Introduction
In Chapters 2 and 3, we have analysed solutions of the steady and unsteady Navier equations, which were derived in Chapter 1 under the two assumptions that underpin linear elasticity.
First, we assumed that we could discard the nonlinear terms in the relation (1.4.5) between strain and displacement. Geometrically nonlinear elasticity concerns large deformations in which these terms are not negligible, so the strain is a nonlinear function of the displacement gradients. This inevitably leads to the further complication that the Lagrangian and Eulerian variables may no longer be approximated as equal.
The second assumption behind linear elasticity is that the stress is a linear function of the strain. This is a reasonable approximation for small strains, but it does not work well for materials such as rubber, which can suffer large strain and still remain elastic (see Treloar, 2005). Models for such materials require mechanically nonlinear elasticity, in which the stress is a nonlinear function of the strain.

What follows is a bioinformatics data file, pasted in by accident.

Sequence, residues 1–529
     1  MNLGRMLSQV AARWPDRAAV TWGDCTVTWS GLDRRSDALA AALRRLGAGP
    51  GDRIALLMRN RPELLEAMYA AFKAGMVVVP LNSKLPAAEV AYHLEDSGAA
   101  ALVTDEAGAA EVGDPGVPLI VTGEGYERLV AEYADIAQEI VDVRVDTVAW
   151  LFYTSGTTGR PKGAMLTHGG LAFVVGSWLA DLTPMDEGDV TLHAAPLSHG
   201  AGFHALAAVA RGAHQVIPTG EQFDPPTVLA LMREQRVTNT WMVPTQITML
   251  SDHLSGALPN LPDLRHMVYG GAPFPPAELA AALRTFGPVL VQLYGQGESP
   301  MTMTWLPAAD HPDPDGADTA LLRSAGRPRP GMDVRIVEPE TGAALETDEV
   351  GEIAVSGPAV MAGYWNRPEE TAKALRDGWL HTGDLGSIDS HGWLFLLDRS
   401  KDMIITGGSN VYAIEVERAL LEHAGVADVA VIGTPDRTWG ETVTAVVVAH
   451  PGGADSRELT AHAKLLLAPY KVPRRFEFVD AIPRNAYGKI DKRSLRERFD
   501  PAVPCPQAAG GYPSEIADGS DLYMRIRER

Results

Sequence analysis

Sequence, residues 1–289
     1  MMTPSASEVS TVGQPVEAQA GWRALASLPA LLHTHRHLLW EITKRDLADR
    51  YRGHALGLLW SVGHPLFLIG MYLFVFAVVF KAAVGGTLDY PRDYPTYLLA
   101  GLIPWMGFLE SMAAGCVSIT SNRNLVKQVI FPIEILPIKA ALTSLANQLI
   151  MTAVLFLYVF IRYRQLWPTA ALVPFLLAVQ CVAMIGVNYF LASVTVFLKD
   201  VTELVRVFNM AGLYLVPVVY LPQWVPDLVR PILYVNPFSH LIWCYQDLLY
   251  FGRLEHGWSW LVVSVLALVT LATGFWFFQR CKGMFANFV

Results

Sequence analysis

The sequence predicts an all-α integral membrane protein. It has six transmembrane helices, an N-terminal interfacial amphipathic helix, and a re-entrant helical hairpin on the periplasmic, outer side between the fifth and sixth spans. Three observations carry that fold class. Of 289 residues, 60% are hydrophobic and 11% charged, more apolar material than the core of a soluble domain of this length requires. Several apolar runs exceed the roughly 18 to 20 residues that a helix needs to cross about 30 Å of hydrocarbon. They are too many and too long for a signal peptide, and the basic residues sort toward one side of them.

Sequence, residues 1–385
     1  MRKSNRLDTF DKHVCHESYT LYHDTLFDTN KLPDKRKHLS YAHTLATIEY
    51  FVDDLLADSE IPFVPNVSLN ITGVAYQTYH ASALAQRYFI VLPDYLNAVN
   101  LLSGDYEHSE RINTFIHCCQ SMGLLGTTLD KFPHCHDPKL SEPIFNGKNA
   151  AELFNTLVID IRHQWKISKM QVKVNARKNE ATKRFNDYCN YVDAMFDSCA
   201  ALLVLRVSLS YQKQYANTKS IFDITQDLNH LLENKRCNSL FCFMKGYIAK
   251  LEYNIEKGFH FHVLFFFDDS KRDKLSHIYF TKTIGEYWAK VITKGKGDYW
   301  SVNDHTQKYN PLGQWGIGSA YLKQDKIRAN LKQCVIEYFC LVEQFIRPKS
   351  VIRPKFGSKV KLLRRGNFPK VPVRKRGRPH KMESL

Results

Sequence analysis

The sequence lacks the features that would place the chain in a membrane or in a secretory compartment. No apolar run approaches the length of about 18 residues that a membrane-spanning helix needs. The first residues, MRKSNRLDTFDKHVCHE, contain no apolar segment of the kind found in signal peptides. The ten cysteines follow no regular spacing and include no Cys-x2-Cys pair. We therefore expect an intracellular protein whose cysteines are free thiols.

As indicated in Section 1.6, the fundamental difficulty to be confronted is that the balance of stresses is performed in the deformed state, while the constitutive relation must be imposed relative to the reference configuration. As a first step in addressing this difficulty, we will revisit the concepts of stress and strain. We will show how they may both be expressed in a Lagrangian frame of reference, allowing a self-consistent constitutive law to be imposed between them. For mechanically nonlinear materials, such laws are far less easy to specify than (1.7.6), and we will see that great care has to be taken to avoid models that allow unphysical behaviour.